Simon: With my “importance of underlying infrastructure” hat on, for me ORCID’s support of CRediT in their API is a huge step, and the incorporation into institutional repositories another.

Liz: Yes, and the inclusion of CRediT in the Crossref metadata schema is also a massive step forward, and should help to drive further publisher implementation.

Looking ahead five years, what are your hopes for the taxonomy, and what is needed to achieve them? 

Alison: I hope that in five years’ time, collecting and sharing – in human and machine readable ways – the specific contributions made by anyone named on a manuscript is commonplace. I hope that the interest and support for evolving CRediT remains strong in the community and that we have momentum to keep going with more iterations of the taxonomy into the future.

Liz: I’d like to see CRediT included in any published research output and that the important contributions to research, in all their shapes and sizes, are visible and recognized as standard in research output metadata.  Oh, and through our CIG, I hope we will have developed CRediT 2.0 to keep up with the new types of contributions to research that will no doubt keep emerging as how we do science and research evolves!

Simon: That Alison and Liz get the credit they deserve for running with CRediT all this time!  So in five years I hope that they will not need to continue putting all the effort in in the background, as by then CRediT will truly have a life of its own.

Alice Meadows

Alice Meadows

I am a Co-Founder of the MoreBrains Cooperative, a scholarly communications consultancy with a focus on open research and research infrastructure. I have many years experience of both scholarly publishing (including at Blackwell Publishing and Wiley) and research infrastructure (at ORCID and, most recently, NISO, where I was Director of Community Engagement). I’m actively involved in the information community, and served as SSP President in 2021-22. I was honored to receive the SSP Distinguished Service Award in 2018, the ALPSP Award for Contribution to Scholarly Publishing in 2016, and the ISMTE Recognition Award in 2013. I’m passionate about improving trust in scholarly communications, and about addressing inequities in our community (and beyond!). Note: The opinions expressed here are my own


3 Thoughts on "Next Steps for CRediT – An Interview with the Co-Chairs"

I currently interview UK early career researchers. I have been disappointed in their lack of knowledge of CRediT. They know more about PUBLONS. I think I have pointed out before that like so many such projects few researchers were involved and, for example, I am not aware that ALPSP was asked to take part. I may be wrong. I hope so because I hope it will take off but it will be less of an easy ride if different disciplinary practices are not taken into account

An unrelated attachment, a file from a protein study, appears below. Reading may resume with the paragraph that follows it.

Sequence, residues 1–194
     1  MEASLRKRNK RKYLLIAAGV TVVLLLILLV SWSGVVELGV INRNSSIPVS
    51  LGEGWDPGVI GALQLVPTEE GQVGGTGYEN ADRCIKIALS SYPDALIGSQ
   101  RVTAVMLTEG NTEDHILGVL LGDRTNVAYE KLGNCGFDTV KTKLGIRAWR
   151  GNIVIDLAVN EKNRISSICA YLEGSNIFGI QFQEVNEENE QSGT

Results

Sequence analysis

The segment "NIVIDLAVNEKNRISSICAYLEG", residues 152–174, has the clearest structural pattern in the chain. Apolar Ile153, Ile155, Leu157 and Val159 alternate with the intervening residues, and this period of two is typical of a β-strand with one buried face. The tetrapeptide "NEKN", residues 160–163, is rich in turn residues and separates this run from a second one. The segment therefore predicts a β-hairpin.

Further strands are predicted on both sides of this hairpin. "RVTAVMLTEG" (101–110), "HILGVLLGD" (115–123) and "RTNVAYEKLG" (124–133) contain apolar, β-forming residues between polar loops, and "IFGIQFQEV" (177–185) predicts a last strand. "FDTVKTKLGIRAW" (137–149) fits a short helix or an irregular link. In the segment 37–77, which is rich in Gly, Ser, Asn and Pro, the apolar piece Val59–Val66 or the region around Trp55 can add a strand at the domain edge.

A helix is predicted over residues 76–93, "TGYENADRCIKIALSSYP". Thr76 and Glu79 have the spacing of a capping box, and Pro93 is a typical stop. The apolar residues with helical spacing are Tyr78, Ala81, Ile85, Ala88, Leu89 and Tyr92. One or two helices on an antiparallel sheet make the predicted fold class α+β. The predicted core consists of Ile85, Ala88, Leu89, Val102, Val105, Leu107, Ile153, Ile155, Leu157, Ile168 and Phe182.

Thanks Anthony. I will leave the CRediT Cochairs to answer more fully about who was involved, but I do know that there was at least one survey of corresponding authors – although that probably wouldn’t include many, if any, ECRs. On the publisher side, the fact that CRediT has already been pretty widely adopted even before it was standardized (see is a good indication that it is being socialized further among researchers. There’s still plenty of work to be done in terms of outreach, for sure, and the taxonomy will also need to be expanded further, especially in terms of non-STEM contributions, as mentioned in the interview. The Community of Interest Group is intended as a way for everyone to be directly involved in sharing their perspectives and needs, so please do encourage the researchers and ECRs you work with to sign up!

Thanks for this and big congratulations on being recognized as a formal standard — an important step. Given the discussion of credit in acknowledgements, credit for other scholarly artifacts, and the general concept of “movie-credit” style attribution, you may be interested in this recent article: “Credit where credit is due” We address these issues head on. It ain’t easy. So I’m also thrilled that the work is revitalized and continuing. I’ll sign up for the CIG!